Abstract: Automatic note onset detection is particularly difficult in orchestral music (and polyphonic music in general). Machine learning offers one promising approach, but it is lim- ited by the availability of labeled training data. Score-to-audio alignment, however, offers an economical way to locate onsets in recorded audio, and score data is freely available for many orchestral works in the form of standard MIDI files. Thus, large amounts of training data can be generated quickly, but it is limited by the accuracy of the alignment, which in turn is ultimately related to the problem of onset detection. Semi-supervised or bootstrapping techniques can be used to iteratively refine both onset detection functions and the data used to train the functions. We show that this approach can be used to improve and adapt a general purpose onset detection algorithm for use with orchestral music.

  1. C. Yang, E. Chew, and A. Volk. A dynamic programming approach to adaptive tatum assignment for rhythm transcription, in Seventh IEEE International Symposium on Multimedia, December 12-14, 2005.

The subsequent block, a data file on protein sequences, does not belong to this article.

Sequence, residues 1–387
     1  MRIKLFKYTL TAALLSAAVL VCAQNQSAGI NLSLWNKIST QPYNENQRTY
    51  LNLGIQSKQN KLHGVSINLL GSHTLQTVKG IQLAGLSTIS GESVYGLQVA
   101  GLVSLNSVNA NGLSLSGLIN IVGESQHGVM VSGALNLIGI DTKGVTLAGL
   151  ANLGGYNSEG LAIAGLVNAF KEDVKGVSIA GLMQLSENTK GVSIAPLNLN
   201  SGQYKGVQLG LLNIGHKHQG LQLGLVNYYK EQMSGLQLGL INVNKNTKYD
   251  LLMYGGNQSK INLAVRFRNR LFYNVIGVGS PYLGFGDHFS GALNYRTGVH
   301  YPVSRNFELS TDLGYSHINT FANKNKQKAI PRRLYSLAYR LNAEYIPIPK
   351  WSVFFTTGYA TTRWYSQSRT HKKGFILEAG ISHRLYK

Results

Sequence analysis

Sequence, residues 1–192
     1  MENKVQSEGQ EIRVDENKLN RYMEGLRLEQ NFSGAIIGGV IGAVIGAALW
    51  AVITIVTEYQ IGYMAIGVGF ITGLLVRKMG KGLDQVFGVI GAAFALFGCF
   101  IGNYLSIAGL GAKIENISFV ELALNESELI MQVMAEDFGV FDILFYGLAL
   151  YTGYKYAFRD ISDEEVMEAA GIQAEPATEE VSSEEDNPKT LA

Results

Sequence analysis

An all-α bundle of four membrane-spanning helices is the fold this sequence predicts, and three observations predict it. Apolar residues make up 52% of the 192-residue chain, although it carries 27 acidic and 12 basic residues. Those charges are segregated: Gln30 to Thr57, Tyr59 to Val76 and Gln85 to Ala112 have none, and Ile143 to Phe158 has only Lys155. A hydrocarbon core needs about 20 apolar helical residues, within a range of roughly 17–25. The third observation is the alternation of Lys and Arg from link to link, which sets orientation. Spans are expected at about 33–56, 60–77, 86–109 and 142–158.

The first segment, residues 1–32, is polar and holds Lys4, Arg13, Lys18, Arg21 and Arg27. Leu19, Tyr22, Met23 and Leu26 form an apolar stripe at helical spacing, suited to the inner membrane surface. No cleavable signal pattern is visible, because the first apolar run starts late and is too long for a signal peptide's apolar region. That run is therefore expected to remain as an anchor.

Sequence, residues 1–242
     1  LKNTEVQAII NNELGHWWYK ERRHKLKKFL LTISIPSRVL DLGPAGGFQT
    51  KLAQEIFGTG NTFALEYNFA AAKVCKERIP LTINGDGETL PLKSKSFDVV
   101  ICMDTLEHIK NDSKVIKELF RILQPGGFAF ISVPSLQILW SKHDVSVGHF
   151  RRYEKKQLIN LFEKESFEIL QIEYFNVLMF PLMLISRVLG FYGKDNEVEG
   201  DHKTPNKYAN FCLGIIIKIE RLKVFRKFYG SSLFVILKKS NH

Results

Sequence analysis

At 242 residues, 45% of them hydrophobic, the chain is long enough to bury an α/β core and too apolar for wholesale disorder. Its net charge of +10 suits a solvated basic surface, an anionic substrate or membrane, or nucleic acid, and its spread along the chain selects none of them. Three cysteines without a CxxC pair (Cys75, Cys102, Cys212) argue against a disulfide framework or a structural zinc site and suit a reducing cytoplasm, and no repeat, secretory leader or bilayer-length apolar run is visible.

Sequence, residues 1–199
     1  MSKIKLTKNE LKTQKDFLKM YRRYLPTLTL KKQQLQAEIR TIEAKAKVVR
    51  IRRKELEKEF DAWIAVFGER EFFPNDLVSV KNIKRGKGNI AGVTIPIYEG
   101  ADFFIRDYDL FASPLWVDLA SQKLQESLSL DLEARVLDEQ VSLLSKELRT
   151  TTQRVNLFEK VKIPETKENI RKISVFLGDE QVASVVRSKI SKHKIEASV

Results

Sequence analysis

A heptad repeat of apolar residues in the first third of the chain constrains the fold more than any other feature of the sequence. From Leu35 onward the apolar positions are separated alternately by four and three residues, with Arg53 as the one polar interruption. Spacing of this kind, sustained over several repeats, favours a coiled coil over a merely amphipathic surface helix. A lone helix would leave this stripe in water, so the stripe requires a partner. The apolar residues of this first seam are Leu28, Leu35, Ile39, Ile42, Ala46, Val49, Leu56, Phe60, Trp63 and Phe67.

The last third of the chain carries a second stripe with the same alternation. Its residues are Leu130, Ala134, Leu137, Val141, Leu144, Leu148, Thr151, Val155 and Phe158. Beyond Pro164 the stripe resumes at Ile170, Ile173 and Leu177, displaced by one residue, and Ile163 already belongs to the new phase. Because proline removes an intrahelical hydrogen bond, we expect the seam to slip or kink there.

Abstract: We present a method for segmenting music with different grid levels in order to properly quantize note values in the transcription of music. This method can be used in automatic music transcription systems and music information retrieval systems to reduce a performance of a music piece to the printed or digital score. The system takes only the onset data of performed music from either MIDI or audio, and determine the best maximal grid level onto which to fit the note onsets. This maximal grid level, or tatum, is allowed to vary from section to section in a piece. We obtain the optimal segmentation of the piece using dynamic programming. We present results from an audio based performance of Milhaud's Botafogo, as well as several MIDI performances of the Rondo-Allegro from Beethoven's Pathetique. The results show a reduction of error compared to quantization based only on one global metric level, and promises to create rhythm transcriptions that are parsimonious and readable.

Last modified 16 years ago Last modified on May 20, 2008, 2:55:48 PM